Jason Behrendorff said his five-wicket haul in Australia's World Cup victory against England was a dream come true after years of battling back injuries that he feared could end his career.
The left-arm seamer was diagnosed with a stress fracture in early 2015 and back problems have persisted since then.
He put his first-class career on hold over the Australian summer, easing back into action via the limited-over format and still has hopes of breaking into the Test team.
But for now Tuesday's World Cup success at Lord's, the spiritual home of cricket, has made his lengthy battles against injury worthwhile.
In just his second World Cup match, the 29-year-old bowled Australia into the semi-finals with superb figures of 5-44 from his 10 overs against England.
“Some days during all the rehab periods you think 'am I going to get back?'” Behrendorff said after Australia dismissed England for 221 in reply to their 285-7, to win by 64 runs.
“It's one of those things you dream of as a kid, to play cricket for Australia and to come here at Lord's to get five wickets. Not quite sure if it's sunk in yet to be honest, but it's something I will treasure.
“You don't play cricket for the accolades but to take five wickets here is something special.”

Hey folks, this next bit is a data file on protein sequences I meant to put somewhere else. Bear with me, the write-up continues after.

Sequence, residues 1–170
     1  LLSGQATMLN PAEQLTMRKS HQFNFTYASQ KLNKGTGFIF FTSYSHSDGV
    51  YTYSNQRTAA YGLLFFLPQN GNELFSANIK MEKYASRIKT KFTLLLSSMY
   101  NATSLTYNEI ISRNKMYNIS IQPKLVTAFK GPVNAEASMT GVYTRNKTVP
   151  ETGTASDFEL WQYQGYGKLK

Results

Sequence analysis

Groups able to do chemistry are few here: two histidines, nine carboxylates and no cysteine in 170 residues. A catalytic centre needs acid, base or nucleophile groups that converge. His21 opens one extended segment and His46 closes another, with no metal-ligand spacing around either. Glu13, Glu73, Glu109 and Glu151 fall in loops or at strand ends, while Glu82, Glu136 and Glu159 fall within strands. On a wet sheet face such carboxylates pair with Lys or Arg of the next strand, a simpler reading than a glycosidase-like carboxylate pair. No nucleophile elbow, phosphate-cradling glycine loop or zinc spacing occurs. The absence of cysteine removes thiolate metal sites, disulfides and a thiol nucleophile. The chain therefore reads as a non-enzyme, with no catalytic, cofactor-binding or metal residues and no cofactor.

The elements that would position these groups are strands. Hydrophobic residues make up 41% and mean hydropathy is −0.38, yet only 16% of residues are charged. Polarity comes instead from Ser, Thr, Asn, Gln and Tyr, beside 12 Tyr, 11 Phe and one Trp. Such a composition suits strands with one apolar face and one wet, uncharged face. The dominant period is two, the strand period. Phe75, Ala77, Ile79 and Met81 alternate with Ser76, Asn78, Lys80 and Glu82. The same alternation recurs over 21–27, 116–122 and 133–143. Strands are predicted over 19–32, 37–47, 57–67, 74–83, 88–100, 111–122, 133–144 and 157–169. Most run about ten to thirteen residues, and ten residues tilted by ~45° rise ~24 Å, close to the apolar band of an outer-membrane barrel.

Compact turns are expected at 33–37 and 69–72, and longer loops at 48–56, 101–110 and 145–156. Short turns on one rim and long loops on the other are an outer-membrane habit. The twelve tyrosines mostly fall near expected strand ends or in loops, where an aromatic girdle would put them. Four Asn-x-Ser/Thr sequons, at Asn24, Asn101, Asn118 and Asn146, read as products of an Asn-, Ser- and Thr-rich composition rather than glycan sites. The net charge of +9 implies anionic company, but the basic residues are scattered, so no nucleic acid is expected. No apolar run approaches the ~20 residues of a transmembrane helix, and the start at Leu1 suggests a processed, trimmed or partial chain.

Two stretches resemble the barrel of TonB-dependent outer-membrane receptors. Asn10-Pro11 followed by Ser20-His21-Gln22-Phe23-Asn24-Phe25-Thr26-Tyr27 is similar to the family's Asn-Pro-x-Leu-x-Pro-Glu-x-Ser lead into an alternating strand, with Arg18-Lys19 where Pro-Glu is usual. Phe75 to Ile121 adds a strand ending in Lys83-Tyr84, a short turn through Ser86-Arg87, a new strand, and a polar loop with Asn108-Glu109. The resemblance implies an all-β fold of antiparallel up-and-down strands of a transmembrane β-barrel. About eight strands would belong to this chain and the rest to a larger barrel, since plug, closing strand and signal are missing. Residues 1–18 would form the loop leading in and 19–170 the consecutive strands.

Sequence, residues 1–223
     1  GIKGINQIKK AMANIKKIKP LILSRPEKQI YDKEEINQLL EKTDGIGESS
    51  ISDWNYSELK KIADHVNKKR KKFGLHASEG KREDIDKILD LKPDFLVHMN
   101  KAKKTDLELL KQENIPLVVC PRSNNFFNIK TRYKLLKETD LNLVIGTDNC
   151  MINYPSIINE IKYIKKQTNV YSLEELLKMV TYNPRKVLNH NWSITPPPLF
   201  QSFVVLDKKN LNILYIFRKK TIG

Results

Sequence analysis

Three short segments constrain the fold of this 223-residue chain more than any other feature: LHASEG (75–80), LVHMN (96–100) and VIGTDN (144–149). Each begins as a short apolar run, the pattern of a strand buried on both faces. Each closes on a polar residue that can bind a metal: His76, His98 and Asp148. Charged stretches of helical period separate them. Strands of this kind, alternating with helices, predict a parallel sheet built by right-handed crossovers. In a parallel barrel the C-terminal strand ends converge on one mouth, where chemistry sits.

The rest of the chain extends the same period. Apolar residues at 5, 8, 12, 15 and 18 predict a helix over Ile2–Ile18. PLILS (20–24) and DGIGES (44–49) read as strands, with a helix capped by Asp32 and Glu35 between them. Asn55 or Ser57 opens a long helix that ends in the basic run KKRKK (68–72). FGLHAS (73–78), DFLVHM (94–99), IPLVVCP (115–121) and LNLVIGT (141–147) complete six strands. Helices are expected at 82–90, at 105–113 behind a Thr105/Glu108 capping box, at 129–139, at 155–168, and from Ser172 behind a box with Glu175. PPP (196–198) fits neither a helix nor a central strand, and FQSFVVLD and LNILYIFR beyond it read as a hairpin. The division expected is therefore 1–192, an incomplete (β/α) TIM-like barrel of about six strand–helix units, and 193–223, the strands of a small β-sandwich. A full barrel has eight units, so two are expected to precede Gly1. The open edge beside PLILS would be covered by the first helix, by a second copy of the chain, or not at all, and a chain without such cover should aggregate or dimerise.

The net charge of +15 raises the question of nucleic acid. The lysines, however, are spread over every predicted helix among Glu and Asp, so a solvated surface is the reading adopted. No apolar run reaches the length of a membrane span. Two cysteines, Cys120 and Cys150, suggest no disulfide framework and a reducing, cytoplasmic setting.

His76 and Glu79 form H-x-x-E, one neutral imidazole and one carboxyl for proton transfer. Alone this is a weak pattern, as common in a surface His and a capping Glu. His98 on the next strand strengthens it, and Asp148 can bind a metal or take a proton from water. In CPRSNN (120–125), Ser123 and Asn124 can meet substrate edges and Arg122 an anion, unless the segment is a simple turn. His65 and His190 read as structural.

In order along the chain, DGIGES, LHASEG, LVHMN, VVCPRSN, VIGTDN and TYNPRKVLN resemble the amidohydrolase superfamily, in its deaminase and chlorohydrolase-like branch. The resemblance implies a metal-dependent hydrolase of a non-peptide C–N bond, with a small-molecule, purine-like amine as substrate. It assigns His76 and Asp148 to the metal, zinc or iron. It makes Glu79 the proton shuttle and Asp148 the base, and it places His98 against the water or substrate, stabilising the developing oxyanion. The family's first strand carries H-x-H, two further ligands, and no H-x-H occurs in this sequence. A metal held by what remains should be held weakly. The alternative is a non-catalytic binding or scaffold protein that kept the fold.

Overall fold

Behrendorff only made his one-day international debut for Australia in January, taking two wickets against India in Sydney.
Yet, in his eighth ODI appearance, the fast-medium bowler enjoyed the best day of his short Australia career as he recorded his first five-wicket ODI haul in front of a 28,000-capacity crowd and a watching audience of millions around the world.
The World Cup stage is a far cry from those gruelling hours spent alone during his lengthy rehabilitation periods.
But Behrendorff said he was just relieved to have repaid the faith of captain Aaron Finch and the selectors.
'Foot on the throat'
His only previous World Cup appearance produced a far less memorable 1-59 against Sri Lanka earlier in this year's event.
“It was huge to repay the selectors,” he said. “When you get off to a good start, you get your foot on the throat and you don't want to let it off. We continued to do that throughout the innings.”
Behrendorff also praised fellow Australia pacemen Mitchell Starc and Pat Cummins for guiding him through his first experience of a big occasion at Lord's.
“Mitch and Pat have played a lot of one-day cricket. To be able to chat to them about how they go about it, especially in the middle overs, how to get wickets, that's really valuable,” he said.
“We made an effort to pitch it up and hit the stumps as much as possible. We noted it was something England didn't do.”
Holders Australia, through to the semi-finals after their sixth win from seven matches, are once again peaking nicely ahead of the knockout stages.
Australia have won the World Cup in four of the past five editions, but Behrendorff is adamant they are not favourites.
“No I don't think so,” he said. “The competition is still very open. England are still a great side, probably still the favourites as the home country.
“For sure, momentum is a big thing in tournament play. Hopefully we can win the last two games and go into the semis with some real momentum.”